"Soft skills...in fact, the most important things you should develop are exactly those...you should learn how to deal with people... how to deal with stressful situations, how to present, how to negotiate... all these things everybody can learn. It's not the IQ that you have, or you don't have, but... the EQ can be developed."
Daniel Goleman’s bestseller Emotional Intelligence: Why it can matter more than IQ defines emotional intelligence as the sum of neural activity that triggers “self-awareness and management, social awareness and relationship management. The four domains describe the brain functions that show one’s level of emotional intelligence. However, the book also offers a simpler definition of emotional intelligence. First, emotional intelligence is the measure of a person’s emotional self-awareness and sense of achievement, adaptability, positivity, and emotional balance during such awareness. Second, it also measures how effective you are in detecting and understanding the emotional cues that float around your social environment and reacting in ways that make the relationships around you productive for specific purposes.
From Carlo’s story, emotional intelligence emerges as a tool enabling individuals to break cultural barriers in business and careers. At work, emotional cues can include a colleague’s tone when they talk about what they like doing, their background, or their beliefs. Therefore, emotionally intelligent people can pick up such cues as they interact with their customers or colleagues and communicate in more respectful, inspiring, or comforting ways. It is only then that you can break the cultural barriers that exist in business and in most professions. Therefore, emotional intelligence creates self-sustaining engines that maintain performance as employees continue communicating workplace values among themselves. For individuals, emotional intelligence is essential in creating rapport with colleagues. So, what are self-sustaining engines, and how do they maintain success in work and in business?
Self-Sustaining Cultures or Engines
A self-sustaining engine combines the business owner, leader, and employee efforts that ensure specific standards are met with almost clinical precision. Carlo describes the self-sustaining engine as a product of the business owner or leader’s effective communication and relationship management. For instance, when emotionally intelligent leaders create a culture of open sharing and learning, trust and respect in the workplace motivate them to contribute with or without supervision. As a result, the trust they have that their manager or organization has their best interests at heart will motivate them to perform tasks to the best of their abilities. Similarly, individuals can create engines around them that constantly feed their teams and development. That being the case, their significance in maintaining the quality of work explains why teams are crucial in business and professions.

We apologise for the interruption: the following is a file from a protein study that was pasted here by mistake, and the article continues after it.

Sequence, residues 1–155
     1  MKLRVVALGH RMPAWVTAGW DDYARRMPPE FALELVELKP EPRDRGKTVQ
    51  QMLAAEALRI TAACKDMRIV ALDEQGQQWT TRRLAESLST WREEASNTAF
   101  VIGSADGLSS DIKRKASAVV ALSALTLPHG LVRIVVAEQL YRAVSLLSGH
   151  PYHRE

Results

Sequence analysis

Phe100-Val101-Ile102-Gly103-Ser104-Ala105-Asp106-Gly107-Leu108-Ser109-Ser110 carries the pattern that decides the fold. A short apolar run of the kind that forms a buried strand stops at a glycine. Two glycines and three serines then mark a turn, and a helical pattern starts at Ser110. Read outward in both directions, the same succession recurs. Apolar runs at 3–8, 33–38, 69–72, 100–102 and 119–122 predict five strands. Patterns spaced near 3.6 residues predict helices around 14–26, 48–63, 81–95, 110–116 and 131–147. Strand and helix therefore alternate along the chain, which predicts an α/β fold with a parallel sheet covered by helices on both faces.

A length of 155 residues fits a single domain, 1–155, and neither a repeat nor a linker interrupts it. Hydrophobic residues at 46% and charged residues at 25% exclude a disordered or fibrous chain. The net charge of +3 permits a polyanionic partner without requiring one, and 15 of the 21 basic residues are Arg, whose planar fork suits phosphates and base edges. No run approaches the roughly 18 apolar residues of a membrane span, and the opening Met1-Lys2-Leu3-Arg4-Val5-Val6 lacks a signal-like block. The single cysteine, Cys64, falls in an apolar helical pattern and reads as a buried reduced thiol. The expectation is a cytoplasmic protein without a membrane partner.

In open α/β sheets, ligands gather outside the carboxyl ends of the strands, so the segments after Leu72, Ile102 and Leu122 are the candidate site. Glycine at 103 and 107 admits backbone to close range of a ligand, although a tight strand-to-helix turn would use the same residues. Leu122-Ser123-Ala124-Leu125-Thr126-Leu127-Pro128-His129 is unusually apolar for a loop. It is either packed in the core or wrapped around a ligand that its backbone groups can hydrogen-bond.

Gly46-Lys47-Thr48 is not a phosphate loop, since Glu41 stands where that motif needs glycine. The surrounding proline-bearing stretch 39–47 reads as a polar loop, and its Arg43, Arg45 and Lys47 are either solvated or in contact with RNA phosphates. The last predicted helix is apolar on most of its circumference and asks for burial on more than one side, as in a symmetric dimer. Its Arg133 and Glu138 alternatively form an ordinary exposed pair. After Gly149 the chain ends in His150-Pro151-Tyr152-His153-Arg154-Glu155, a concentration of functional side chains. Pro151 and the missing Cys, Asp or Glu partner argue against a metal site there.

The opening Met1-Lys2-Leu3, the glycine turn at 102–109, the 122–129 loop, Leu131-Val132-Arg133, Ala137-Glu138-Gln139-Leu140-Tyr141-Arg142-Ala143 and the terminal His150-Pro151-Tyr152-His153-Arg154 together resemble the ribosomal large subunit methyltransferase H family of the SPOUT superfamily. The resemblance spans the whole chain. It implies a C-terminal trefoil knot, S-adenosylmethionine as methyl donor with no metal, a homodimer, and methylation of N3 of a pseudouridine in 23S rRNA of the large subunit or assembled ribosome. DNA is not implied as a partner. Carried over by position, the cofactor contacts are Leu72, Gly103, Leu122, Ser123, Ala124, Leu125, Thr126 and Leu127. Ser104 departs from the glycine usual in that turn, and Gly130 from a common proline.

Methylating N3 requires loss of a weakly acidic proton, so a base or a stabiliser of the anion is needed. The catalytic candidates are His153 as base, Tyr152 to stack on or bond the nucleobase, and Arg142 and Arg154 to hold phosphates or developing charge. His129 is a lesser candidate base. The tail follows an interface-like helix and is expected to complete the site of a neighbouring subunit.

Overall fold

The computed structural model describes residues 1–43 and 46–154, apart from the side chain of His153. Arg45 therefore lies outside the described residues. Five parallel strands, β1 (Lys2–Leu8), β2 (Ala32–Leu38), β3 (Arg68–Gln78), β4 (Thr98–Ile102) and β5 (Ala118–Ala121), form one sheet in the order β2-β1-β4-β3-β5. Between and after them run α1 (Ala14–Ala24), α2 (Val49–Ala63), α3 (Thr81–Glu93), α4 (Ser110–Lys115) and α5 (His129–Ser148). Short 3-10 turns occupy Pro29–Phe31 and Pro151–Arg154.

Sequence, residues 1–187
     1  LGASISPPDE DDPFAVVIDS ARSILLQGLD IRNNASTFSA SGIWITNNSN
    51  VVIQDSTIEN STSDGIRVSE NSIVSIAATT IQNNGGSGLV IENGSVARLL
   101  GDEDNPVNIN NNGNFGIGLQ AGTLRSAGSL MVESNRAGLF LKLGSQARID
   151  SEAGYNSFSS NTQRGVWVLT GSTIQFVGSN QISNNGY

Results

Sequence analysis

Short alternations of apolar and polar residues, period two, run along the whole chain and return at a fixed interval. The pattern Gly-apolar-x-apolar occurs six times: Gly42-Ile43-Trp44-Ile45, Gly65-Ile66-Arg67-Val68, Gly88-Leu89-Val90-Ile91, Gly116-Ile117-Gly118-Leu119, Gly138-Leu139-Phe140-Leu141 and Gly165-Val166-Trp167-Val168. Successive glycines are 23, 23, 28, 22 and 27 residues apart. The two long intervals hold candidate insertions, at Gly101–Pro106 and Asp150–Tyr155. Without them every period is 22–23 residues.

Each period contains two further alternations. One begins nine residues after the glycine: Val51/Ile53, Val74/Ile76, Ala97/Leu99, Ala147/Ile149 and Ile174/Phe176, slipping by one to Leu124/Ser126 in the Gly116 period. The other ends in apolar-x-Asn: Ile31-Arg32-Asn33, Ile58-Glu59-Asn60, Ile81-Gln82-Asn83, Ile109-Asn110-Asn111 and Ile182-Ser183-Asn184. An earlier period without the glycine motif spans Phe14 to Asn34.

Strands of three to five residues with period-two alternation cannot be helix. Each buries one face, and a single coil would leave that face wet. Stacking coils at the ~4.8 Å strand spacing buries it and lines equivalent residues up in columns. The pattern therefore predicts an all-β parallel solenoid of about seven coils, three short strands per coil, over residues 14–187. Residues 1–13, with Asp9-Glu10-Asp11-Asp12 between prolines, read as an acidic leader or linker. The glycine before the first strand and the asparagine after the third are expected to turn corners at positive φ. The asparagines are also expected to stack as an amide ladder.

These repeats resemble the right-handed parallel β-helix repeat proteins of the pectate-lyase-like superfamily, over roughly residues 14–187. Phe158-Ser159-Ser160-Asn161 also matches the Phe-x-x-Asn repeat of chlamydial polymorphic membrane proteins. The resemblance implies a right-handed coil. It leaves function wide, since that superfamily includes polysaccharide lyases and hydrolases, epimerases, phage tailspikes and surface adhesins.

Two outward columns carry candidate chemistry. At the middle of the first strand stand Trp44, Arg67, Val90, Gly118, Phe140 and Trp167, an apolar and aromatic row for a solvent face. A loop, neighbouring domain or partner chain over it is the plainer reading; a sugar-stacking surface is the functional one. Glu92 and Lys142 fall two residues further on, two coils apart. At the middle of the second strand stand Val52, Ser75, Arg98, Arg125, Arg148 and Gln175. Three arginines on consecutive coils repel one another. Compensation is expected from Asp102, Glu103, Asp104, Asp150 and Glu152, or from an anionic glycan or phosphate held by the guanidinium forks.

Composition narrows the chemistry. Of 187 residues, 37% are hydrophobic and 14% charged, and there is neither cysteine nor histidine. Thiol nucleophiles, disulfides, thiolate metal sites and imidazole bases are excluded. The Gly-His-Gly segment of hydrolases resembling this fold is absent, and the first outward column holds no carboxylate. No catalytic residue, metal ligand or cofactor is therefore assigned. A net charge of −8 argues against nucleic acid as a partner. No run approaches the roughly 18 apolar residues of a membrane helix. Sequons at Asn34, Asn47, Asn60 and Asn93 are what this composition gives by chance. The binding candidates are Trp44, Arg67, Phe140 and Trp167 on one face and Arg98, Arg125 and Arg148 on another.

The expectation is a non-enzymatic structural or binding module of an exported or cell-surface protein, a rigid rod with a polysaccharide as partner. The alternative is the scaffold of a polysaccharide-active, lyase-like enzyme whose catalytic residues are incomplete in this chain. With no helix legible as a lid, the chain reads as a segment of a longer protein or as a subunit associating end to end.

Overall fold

Carlo admits that his team was pivotal to his professional success in the 3 decades he has worked in the banking industry. For example, the team helped in brainstorming and strategy development during crises. Carlo fondly remembers meeting team members to develop a model that could support skill development and operation standards. An interactive model from Spotify came up as the simplest yet most effective at the time.
“I like to create these engines, and I'm proud of creating the best practice sharing platform with KPIs. Spotify had a very good explanation. In 20 minutes, you could have learned the operating model of Spotify as if you had been there for six months...”
Research conducted on participants in operative games suggested that team effort directly influenced organizational success (Askari et al., 2020). The teams’ overall performance improved gradually over time. In practice, team sizes differ, but the need for an open system that enables personal growth is universal. It is only with such “engines” that companies and employees can adapt to the changes they face in their business and work. While most people’s teams will not be decision-makers for a large bank, the same principles hold true regardless. The people around you can either enable you to transform with the changes that come with your work or business, or they will limit your responsiveness. From team sports to business and to careers, success depends on how openly people around you can support your personal and business growth.
Luck? What does it have to do with anything?
Everyone believes a little luck will go a long way in their career journeys. Similarly, Carlo relates his career success and the idea of his current venture to a little luck along the way. He admits that some of the most significant opportunities came to him by chance, and they pretty much carved his path to professional success. But what do luck or happy accidents contribute to one’s success? The simple answer is hardly anything. With Europe being one of the worst-hit regions, it was not through luck but team effort and planning that he fostered performance. With an actualized team pulling in the same direction, there is no problem insurmountable.
More than just individual soft skills, a competent team's synergy is the cornerstone of lasting excellence. Cultivating positive relationships with diverse colleagues accelerates shared learning and adaptability, turning teams into agile, responsive engines.
In the face of challenges, a shift in perspective can transform crises into opportunities. Robust communication frameworks, bolstered by these "dynamic engines," allow for swift identification and improvement of weaknesses. Embracing feedback throughout one's career fosters growth, making an individual more appealing to employers and colleagues alike.
Askari, G., Asghri, N., Gordji, M. E., Asgari, H., Filipe, J. A., & Azar, A. (2020). The impact of teamwork on an
organization’s Performance: A cooperative game’s approach. Mathematics, 8(10), 1804. https://doi.org/10.3390/math8101804
Goleman, D. (2020). Emotional intelligence. Bantam Books.
Marr, B. (2022, December 6). Top 5 in-demand tech skills for jobs in 2023. Forbes.